Carbon Sequestration on US Rangelands Offers Promise, not Profit

US - Nearly 239 million hectares of land in the United States are devoted to pastures and rangeland. Worldwide, rangelands cover about 3.6 billion hectares. Harnessing the potential for carbon sequestration from these lands could have a global impact on reducing greenhouse gas emissions.
calendar icon 18 September 2012
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he current issue of the journal Rangeland Ecology & Management examines carbon sequestration in western US rangelands from an economic perspective. It finds that revenues from voluntary carbon offset programs are not likely to generate enough incentive to encourage participation from rangeland managers, reports Sciemce Daily.

Soil organic carbon in rangelands can contribute to the environment in positive ways. Increased carbon can reduce erosion and improve soil quality, soil water-holding capacity, and nutrient cycling. Although the potential for carbon sequestration on rangelands is lower than that of agricultural and forest lands, modest changes in carbon storage on rangelands hold promise to affect the carbon cycle worldwide.

Activities such as adjusting stocking rate, interseeding alfalfa, burning, fertilizing, and restoring degraded pastures can improve carbon sequestration on rangelands. Like agricultural commodities, however, carbon yields and carbon credit prices can vary widely from year to year. On the other hand, climate exchange contracts can run from 5 to 100 years, introducing another element of risk to rangeland carbon sequestration.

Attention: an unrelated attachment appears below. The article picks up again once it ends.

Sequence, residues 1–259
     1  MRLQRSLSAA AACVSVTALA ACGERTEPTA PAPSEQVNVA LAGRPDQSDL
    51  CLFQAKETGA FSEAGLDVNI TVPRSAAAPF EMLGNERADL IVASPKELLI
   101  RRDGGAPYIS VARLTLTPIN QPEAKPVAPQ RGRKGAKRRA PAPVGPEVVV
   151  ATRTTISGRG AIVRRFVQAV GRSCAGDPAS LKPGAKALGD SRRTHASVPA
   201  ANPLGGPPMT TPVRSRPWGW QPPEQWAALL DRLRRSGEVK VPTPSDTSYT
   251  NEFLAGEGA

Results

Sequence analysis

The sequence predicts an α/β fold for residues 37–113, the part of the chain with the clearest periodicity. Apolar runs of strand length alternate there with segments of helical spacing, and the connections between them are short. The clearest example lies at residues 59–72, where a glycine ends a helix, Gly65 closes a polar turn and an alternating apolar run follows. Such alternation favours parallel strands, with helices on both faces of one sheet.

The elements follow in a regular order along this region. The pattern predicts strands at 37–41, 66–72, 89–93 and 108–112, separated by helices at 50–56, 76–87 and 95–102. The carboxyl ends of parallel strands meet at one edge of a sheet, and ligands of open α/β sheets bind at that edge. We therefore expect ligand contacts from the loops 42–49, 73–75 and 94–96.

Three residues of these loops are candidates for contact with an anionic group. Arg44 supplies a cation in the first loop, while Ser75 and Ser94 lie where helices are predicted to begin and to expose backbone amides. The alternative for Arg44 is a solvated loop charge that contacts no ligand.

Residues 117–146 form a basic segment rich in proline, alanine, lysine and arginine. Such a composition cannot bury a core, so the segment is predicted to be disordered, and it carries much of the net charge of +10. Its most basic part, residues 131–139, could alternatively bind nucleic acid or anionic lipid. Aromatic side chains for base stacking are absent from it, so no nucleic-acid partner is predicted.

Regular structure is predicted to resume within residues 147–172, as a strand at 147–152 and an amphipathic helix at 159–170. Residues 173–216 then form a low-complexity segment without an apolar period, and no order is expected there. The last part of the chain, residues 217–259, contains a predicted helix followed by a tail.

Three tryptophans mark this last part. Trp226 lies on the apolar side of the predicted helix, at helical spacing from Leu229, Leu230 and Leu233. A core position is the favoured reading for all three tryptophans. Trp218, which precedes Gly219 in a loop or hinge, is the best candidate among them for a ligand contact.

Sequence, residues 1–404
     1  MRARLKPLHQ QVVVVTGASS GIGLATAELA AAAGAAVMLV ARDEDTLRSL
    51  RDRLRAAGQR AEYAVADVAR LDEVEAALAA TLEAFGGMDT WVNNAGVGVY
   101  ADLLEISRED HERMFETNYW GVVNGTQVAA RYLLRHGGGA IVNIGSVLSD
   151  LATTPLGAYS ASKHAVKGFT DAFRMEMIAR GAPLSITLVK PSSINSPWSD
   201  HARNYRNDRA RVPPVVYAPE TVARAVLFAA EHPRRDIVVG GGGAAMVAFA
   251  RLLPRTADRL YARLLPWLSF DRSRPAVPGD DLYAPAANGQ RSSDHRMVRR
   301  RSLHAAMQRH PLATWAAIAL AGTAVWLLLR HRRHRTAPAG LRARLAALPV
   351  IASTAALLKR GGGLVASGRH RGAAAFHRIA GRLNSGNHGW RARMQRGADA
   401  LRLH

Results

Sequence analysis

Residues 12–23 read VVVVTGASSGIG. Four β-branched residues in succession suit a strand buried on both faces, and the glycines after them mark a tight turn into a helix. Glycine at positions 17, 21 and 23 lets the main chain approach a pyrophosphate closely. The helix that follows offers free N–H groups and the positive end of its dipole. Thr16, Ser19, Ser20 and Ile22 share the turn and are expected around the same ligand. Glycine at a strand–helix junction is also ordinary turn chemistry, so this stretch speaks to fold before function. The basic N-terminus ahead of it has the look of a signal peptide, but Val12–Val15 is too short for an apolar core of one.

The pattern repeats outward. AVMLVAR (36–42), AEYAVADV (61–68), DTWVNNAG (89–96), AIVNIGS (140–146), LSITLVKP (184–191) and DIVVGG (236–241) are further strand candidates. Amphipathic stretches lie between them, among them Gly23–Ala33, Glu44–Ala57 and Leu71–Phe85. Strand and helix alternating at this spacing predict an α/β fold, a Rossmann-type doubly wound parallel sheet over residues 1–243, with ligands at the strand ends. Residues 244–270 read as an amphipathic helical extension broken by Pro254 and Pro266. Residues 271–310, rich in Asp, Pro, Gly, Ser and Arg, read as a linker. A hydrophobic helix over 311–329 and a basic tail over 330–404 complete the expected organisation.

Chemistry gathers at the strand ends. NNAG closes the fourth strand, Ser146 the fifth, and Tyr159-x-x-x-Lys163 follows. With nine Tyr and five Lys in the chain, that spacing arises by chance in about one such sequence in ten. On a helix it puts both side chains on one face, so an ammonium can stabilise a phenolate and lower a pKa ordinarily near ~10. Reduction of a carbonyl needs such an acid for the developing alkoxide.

Carbon offset programs, such as the Chicago Climate Exchange, offer voluntary trading of carbon credits based on a cap-and-trade system. Farmers, ranchers, and foresters who conduct mitigation practices on their lands have been included in these offset programs. However, these programs have seen a downturn during the global financial crises.

This study estimated revenues for both short-term voluntary offsets and 100-year offsets that meet international standards. Prices were projected based on potential cap-and-trade legislation and on historical data. This simulation found that the carbon market does not yet offer a sufficient return on investment for rangeland managers to adopt practices that improve carbon sequestration.

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